Before & After


Attempts at social engineering may have been minor and sporadic, but the potential for individual self-improvement was enormous. Spurred by Alfred Adler’s formulation of the inferiority complex, a less sexually determined and more user-friendly theory than Freud”s, Americans set out not only to look inside themselves for feelings of inadequacy, as an ad for Adler’s Understanding Human Nature promised the book would enable them to do, but also to correct the causes of these feelings. Plastic surgeons rushed to record changes in character resulting from the upgrading of features, and the question of who would draw the line between mere imperfection and true deformity became moot. It no longer mattered if the nose looked straight to the physician, or the body weight appropriate. If the patient thought the nose was malformed or the body obese, surgery was the only hope for a good prognosis. The shift in responsibility, however, could spell trouble down the road. Knowledgeable surgeons lived in dread, and naive ones learned the peril of operating on individuals who suffered from delusional disorders, for whom the surgery was never a success, and litigation was a likely aftereffect.

The surprise, however, is not that the fix frequently did not work but that it sometimes did. In 1961 a study of 53 male salespeople and sales managers in their fifties and sixties found that their incomes had increased by an average of $1,300 during the year following their face-lifts. Whether the gain was the result of the operation or the economy is not clear. Another survey found that all but two women who underwent Ivalon sponge implants in their breasts were “extremely pleased,” and many swore that the implants had “changed [their] entire life.” Moreover, the results held up over time, or at least until the implants began to cause physical problems.

Now Jewish girls opted for the tiny turned-up nose the Irish had once suffered to have made larger.

As the century progressed and individuals’ quests for self-realization triumphed over society’s strictures against vanity and self-indulgence, procedures proliferated. Tummy tucks, liposuction, hair transplants, foreskin reconstitution, collagen and Botox injections, pectoral implants, and buttock lifts, to name only a few, joined the old standbys like rhinoplasty, face-lifts, and breast surgery. The market for these uninsured procedures was surprisingly egalitarian. By 1994, 65 percent of the patients undergoing them had annual incomes of less than $50,000.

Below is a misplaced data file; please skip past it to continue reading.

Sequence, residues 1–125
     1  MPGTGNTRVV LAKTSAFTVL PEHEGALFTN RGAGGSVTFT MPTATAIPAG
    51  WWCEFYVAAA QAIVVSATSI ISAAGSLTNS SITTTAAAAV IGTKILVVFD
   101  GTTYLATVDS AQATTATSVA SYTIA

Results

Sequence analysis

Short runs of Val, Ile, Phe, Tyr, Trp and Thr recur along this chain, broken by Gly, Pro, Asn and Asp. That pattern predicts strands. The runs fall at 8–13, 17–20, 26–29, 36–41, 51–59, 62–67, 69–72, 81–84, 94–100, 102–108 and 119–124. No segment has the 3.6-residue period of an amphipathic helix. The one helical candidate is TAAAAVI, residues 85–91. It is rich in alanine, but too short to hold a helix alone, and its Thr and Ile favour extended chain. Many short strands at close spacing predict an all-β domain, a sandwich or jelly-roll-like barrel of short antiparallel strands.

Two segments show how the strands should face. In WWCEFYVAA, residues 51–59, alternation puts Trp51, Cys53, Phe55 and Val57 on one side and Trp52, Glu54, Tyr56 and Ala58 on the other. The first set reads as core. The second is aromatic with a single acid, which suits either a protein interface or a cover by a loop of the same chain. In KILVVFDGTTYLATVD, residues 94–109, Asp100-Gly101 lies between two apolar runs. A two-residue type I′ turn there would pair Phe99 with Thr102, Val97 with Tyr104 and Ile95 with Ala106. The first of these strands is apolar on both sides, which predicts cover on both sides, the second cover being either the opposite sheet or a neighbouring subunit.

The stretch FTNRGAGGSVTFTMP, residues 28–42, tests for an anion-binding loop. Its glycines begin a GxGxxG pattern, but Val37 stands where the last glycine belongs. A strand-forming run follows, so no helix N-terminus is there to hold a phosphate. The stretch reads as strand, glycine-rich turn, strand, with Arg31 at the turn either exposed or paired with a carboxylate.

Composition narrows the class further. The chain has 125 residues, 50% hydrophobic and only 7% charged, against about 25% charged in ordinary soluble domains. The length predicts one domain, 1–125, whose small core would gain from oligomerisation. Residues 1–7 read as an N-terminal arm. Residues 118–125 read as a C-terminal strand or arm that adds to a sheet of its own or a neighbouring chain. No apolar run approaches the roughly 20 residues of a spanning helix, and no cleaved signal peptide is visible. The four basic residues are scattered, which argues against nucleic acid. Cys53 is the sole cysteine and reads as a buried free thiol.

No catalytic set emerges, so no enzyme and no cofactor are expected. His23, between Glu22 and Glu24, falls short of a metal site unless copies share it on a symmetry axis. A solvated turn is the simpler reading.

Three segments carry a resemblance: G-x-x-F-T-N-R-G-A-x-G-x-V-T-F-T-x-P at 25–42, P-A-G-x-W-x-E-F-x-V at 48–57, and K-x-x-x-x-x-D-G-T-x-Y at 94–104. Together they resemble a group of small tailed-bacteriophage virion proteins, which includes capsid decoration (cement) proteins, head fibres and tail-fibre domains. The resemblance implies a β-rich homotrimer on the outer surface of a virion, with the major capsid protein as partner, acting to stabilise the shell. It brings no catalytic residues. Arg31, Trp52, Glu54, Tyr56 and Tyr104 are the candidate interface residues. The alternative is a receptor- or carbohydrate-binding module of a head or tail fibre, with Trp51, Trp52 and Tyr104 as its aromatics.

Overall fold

The rate of breakthroughs continues to accelerate. Researching this article, I left a plastic surgeon’s office with a stack of brochures devoted to a variety of procedures, including endoscopic plastic surgery, which promises smaller scars and a “minimizing” of after-effects, and grafts that take tissue from human cadavers and implant it “at affordable prices” on scarred patients. Marketing methods have kept pace with medical advances. Hardly a week goes by when I do not get an e-mail hawking penile enlargement. (Strangely enough, I receive no electronic importunings for breast augmentation, though it is easy enough to find online.)

The gender issue in plastic surgery is confused and constantly changing. Since 1997 the number of procedures on males has tripled, though they still account for only 15 percent of operations. While men were once suspect as patients—in the 1920s a team of Johns Hopkins specialists warned of “insatiable” male cosmetic surgery patients—many surgeons now prefer operating on men, whose expectations, they say, are more realistic and satisfaction more likely. In the 1970s feminists viewed plastic surgery as one more weapon in patriarchal society’s war against women, but by 1988 Ms. magazine was hailing Cher for reinventing herself surgically. And while the battle over the safety of breast implants is medically grounded, it is also politically charged. During the 2003 hearings on whether to return silicone implants to the market, conservatives accused the National Organization of Women of defending women’s right to control their bodies, except their breasts.

Medical progress has altered our expectations. According to Dr. Michael Schwartz, a Pasadena, California, surgeon, “Surgical advances, improved technology, and developments in anesthesiology, which make cosmetic surgery safer and more affordable to the general public, also make it more socially acceptable. Patients no longer have to go into postoperative hibernation for a month. Now they return to work and resume their lives almost immediately, in some cases as if nothing has happened, in others eager to proselytize about what has.”